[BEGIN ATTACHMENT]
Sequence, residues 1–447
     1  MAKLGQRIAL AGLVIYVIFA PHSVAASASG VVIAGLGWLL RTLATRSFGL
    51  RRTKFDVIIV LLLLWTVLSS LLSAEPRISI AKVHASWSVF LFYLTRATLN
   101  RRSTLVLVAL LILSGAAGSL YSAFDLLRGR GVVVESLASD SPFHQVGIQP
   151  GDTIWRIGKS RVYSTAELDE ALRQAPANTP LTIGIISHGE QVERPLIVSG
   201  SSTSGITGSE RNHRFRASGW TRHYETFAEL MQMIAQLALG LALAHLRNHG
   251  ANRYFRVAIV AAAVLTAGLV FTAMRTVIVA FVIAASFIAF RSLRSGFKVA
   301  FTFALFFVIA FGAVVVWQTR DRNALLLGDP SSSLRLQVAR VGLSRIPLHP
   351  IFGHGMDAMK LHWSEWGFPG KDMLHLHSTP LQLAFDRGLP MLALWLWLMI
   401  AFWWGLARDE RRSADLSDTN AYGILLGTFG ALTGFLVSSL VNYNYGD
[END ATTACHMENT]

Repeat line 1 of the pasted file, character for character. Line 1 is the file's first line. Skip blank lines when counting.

Sequence, residues 1–447